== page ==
I first heard of this by way of a trailer on iTunes a few weeks ago and it sort of caught my eye. As rubbish as they usually are, I really love it when movies come out that deal with an established myth or folklore story in a new way (that said, I have no interest whatsoever in seeing Red Riding Hood). Trollhunter is a Blair Witch style mockumentary set in rural Norway. A group of filmmakers on the trail of a bear poacher, instead end up tagging along with a bizarre government employee, the only one in Norway, who’s job it is to track down and kill trolls to protect the public while also working to keep them a secret. Sounds pretty bonkers, but check out the trailer to see why it caught my eye:
Things were never going to be easy for Trollhunter. A lot of people either hated the Blair Witch Project or are now so over the handheld shaky-cam sub-genre that they’d probably rather see the latest Michael Bay eye-fuck. Coupled with the fact that it’s all in Norwegian, the number of willing viewers had got to be dwindling. But, seeing as I’m not put off by shaky camera work or subtitles and I like special effects, I couldn’t get it watched fast enough.
The plot is the usual. Some hard drives were found near the site of an undisclosed incident in rural Norway and the contents have been judged to be genuine video proof of the existence of trolls. Where the story develops differently to Blair Witch, however is in the fact that the filmmakers aren’t originally out looking for trolls. They are originally on the trail of a man who they believe to be illegally shooting bears, something that only a select few certified hunters are allowed to do. When they follow the man back to his trailer they instantly discover that he is no ordinary poacher. After witnessing strange activity at his home, they secretly follow him out into the woods one night where they encounter a troll and one of them is bitten. Faced with the fact that he has been well and truly caught in the act, the trollhunter, Hans offers to allow the team to follow him while he hunts down the troll that attacked them. What transpires opens the filmmakers’ eyes to a widespread government conspiracy that has been going on for many decades, even centuries.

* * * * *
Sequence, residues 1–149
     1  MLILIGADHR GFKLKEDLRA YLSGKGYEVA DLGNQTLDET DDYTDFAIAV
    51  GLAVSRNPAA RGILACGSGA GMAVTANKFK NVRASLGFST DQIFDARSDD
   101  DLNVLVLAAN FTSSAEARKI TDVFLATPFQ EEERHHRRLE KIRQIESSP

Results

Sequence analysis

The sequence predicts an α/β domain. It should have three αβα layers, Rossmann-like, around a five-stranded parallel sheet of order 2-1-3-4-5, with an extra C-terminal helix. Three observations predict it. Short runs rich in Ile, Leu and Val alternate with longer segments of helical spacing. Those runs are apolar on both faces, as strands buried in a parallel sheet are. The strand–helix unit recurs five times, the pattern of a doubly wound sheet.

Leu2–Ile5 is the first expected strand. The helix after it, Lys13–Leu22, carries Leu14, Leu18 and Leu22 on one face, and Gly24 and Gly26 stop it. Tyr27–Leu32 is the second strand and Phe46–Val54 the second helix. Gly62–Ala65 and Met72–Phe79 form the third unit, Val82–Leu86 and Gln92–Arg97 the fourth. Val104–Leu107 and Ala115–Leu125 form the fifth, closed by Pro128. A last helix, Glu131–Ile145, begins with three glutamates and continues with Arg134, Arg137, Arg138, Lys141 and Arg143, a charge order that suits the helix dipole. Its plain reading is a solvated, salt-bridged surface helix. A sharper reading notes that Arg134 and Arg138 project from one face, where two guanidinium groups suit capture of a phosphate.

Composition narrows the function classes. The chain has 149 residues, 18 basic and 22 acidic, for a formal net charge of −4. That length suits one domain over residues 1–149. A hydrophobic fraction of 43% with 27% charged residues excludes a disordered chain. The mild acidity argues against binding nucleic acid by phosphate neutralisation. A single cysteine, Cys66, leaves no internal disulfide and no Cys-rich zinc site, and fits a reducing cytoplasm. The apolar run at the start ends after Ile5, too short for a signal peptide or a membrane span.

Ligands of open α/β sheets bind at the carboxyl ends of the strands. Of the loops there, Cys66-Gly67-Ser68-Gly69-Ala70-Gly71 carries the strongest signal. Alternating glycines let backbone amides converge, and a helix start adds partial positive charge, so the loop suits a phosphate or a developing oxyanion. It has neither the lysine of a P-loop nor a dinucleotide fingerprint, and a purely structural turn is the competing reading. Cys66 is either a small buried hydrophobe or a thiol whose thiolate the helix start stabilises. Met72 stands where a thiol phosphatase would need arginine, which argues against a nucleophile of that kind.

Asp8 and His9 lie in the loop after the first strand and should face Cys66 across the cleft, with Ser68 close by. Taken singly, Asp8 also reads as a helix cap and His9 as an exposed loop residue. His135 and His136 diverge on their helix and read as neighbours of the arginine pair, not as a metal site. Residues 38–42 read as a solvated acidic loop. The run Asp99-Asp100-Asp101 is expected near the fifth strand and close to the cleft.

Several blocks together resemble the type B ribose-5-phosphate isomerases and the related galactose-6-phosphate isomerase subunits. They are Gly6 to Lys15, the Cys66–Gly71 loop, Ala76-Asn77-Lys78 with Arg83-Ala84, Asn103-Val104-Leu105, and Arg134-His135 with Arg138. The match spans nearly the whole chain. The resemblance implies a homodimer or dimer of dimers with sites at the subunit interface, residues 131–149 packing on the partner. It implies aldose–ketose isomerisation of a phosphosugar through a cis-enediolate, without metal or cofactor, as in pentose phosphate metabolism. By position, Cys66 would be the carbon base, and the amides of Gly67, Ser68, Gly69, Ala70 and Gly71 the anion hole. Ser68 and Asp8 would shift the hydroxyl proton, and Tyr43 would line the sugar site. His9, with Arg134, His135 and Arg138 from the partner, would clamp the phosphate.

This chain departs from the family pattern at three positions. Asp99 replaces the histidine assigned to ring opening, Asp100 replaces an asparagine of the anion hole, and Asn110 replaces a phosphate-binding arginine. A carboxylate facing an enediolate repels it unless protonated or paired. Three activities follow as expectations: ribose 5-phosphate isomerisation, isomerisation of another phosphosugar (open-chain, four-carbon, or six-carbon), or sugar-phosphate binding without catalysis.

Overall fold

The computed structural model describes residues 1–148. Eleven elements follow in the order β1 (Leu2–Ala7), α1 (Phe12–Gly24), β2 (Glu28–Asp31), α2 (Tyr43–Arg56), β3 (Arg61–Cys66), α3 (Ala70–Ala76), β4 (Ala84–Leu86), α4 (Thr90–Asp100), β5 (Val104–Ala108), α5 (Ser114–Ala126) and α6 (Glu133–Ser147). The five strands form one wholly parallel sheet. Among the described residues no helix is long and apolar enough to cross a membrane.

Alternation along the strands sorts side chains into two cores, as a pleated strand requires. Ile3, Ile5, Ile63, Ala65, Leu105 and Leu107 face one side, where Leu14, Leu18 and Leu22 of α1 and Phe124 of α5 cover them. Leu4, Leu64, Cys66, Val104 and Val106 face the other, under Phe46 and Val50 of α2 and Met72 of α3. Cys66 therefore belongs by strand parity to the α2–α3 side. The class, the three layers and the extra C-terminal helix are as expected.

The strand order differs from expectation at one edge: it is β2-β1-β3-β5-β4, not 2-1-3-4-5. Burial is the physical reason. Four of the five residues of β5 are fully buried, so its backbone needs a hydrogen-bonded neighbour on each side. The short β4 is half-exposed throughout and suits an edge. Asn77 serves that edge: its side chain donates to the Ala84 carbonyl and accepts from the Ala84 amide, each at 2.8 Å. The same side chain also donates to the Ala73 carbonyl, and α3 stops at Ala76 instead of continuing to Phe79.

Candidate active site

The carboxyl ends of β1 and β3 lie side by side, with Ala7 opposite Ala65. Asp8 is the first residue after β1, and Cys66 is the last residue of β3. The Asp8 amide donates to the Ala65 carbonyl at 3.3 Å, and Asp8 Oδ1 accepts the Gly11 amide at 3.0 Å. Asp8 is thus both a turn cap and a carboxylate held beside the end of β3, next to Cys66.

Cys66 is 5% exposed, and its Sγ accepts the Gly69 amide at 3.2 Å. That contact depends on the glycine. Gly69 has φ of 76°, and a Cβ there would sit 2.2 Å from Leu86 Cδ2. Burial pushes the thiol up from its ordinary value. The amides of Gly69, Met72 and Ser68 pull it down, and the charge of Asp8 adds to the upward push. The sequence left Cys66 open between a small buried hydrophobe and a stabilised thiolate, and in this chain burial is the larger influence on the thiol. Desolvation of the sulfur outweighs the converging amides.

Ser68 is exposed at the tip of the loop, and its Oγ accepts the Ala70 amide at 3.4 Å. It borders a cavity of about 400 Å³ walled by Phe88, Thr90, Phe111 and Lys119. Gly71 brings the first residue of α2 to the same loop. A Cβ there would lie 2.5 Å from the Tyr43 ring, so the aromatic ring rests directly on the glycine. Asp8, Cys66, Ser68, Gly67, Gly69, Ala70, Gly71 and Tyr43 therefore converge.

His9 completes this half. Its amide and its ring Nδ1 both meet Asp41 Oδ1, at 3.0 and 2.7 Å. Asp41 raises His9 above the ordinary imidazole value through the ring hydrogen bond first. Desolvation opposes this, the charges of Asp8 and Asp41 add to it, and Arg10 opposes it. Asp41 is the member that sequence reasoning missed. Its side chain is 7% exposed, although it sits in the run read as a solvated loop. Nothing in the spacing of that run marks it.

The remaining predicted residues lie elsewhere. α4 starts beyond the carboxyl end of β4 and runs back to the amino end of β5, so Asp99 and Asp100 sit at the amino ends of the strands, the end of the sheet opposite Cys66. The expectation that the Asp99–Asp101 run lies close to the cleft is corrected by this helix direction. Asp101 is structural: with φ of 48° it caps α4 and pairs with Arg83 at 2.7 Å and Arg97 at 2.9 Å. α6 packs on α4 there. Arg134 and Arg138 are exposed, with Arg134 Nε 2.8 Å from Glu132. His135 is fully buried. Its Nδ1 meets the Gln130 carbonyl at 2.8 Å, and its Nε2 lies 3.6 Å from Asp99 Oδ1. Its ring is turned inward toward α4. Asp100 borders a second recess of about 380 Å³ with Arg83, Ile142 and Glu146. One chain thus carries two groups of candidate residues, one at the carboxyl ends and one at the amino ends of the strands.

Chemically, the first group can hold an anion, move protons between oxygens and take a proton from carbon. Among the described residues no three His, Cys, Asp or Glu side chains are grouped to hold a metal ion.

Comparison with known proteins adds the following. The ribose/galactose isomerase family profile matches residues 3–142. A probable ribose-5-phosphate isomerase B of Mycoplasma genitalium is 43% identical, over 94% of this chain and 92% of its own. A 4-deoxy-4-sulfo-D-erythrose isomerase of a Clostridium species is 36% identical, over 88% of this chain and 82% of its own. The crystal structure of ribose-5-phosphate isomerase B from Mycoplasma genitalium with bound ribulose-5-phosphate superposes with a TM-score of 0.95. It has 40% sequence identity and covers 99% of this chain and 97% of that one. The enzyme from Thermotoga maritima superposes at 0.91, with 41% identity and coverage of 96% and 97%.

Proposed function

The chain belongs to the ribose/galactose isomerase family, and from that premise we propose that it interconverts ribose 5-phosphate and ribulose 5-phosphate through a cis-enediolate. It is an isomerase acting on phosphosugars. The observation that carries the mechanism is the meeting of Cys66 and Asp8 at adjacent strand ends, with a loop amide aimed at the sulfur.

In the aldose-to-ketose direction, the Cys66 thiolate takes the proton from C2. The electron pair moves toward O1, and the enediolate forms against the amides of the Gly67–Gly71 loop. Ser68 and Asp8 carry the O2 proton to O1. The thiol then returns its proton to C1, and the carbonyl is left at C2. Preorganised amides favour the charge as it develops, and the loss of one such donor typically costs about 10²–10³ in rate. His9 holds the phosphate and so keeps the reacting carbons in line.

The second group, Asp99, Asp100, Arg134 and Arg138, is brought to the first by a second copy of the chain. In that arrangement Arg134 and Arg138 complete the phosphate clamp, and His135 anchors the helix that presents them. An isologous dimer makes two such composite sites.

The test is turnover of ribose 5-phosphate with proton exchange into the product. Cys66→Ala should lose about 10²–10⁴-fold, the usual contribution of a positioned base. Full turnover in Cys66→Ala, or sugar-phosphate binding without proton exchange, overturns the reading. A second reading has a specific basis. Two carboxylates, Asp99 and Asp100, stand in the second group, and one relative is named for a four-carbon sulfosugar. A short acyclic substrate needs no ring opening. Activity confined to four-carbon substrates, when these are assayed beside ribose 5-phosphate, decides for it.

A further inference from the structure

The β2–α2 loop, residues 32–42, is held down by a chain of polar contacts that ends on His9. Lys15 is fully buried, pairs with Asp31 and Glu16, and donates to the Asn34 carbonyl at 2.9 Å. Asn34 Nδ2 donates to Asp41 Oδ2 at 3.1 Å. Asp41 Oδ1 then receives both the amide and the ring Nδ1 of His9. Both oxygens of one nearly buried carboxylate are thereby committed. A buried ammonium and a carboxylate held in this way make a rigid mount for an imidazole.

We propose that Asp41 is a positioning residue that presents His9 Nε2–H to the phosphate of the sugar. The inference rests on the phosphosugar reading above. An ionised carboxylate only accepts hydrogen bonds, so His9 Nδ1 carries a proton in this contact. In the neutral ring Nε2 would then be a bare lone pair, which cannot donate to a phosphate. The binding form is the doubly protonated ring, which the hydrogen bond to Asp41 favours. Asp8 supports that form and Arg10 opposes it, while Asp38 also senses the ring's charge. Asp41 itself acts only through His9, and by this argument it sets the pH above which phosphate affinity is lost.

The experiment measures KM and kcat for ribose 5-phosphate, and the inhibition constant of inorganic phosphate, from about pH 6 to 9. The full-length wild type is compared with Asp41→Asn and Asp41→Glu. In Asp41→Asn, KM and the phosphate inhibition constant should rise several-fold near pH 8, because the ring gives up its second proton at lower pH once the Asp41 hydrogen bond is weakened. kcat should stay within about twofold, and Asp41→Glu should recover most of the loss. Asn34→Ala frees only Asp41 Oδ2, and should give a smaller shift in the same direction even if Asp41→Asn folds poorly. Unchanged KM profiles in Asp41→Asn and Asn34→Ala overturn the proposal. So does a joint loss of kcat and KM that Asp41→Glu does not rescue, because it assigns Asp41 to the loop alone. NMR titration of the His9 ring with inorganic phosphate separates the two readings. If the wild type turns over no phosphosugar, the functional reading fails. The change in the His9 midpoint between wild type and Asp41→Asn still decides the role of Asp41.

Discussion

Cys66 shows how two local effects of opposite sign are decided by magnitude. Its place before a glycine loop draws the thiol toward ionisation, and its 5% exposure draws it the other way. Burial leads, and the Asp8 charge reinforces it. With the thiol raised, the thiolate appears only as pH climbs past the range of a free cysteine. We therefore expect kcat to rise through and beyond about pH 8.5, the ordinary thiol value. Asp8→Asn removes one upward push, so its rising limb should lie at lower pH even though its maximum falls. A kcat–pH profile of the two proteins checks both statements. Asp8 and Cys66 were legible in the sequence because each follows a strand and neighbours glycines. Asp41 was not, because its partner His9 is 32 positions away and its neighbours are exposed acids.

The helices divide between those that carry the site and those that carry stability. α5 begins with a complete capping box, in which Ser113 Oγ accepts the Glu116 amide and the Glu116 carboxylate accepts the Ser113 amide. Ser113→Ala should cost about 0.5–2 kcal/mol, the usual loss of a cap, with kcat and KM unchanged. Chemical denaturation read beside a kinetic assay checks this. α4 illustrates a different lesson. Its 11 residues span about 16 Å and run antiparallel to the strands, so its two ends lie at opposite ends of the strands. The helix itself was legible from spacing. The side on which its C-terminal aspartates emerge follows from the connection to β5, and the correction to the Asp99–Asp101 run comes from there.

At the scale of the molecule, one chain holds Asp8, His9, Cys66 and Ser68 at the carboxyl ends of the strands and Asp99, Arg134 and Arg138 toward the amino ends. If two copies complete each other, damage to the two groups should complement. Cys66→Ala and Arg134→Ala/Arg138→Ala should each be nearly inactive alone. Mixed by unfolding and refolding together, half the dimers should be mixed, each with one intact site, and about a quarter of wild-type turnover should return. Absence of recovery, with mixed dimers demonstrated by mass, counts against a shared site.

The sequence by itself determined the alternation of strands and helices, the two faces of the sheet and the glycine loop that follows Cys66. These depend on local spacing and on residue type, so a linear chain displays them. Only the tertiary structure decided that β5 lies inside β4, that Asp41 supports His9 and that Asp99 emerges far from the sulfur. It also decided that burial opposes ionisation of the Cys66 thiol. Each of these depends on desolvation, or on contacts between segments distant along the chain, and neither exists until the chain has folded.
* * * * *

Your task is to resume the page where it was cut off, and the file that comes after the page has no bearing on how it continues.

What I really liked about the movie is how it quickly and effectively distances itself from The Blair Witch project, and indeed Cloverfield. The fast paced story and the fact that you actually see the creatures (although not so much as to make a point of showing you) suggests that the director was well aware that his audience weren’t after Blair Witch: Norway while at the same time nothing as showy as Cloverfield. That sort of middle ground is actually very refreshing and just what you would want to see after a string of very hit-and-miss hand-cam genre pictures.
The dialogue was okay. Norwegian is a strange language which makes it hard to judge how well the cast are really acting but judging by their facial expressions and emotions, I’d say they did rather well. Camera work was realistic. A lot of scenes were either very dark or shot with low quality night-vision which goes to back up the story in that these people weren’t equipped to film trolls in the dead of night. They were there to interview people and look at dead bears. That said, it doesn’t leave you frustrated or squinting at the screen for too long without a decent pay off.
The plot was tight and the ending wasn’t forced in the way that a lot of these movies are. The credits roll at a nice logical point, recognising that, in real life, not all loose ends get tied up in an hour and forty-five minutes. That said, it does end comfortably without leaving too much unanswered or giving too much away.
Still, with all of these positives considered, Trollhunter didn’t blow me out of my seat. It was a fun little movie with some great tongue-in-cheek horror moments and a nice take on an old folklore tale but nothing legendary. If you’ve got a couple of hours free, go ahead and check it out, you won’t be disappointed, but don’t fall over yourself trying to get hold of it.